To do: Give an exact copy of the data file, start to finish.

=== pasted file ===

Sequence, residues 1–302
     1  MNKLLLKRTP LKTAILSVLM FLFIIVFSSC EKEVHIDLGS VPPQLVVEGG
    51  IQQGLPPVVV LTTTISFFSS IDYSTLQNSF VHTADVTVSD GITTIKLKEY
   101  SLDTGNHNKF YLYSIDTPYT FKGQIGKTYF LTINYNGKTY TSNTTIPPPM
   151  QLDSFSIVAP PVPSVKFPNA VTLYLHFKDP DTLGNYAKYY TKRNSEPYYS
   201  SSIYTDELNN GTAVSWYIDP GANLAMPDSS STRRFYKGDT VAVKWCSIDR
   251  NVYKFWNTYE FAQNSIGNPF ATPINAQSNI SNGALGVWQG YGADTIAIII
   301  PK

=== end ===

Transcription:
Sequence, residues 1–302
     1  MNKLLLKRTP LKTAILSVLM FLFIIVFSSC EKEVHIDLGS VPPQLVVEGG
    51  IQQGLPPVVV LTTTISFFSS IDYSTLQNSF VHTADVTVSD GITTIKLKEY
   101  SLDTGNHNKF YLYSIDTPYT FKGQIGKTYF LTINYNGKTY TSNTTIPPPM
   151  QLDSFSIVAP PVPSVKFPNA VTLYLHFKDP DTLGNYAKYY TKRNSEPYYS
   201  SSIYTDELNN GTAVSWYIDP GANLAMPDSS STRRFYKGDT VAVKWCSIDR
   251  NVYKFWNTYE FAQNSIGNPF ATPINAQSNI SNGALGVWQG YGADTIAIII
   301  PK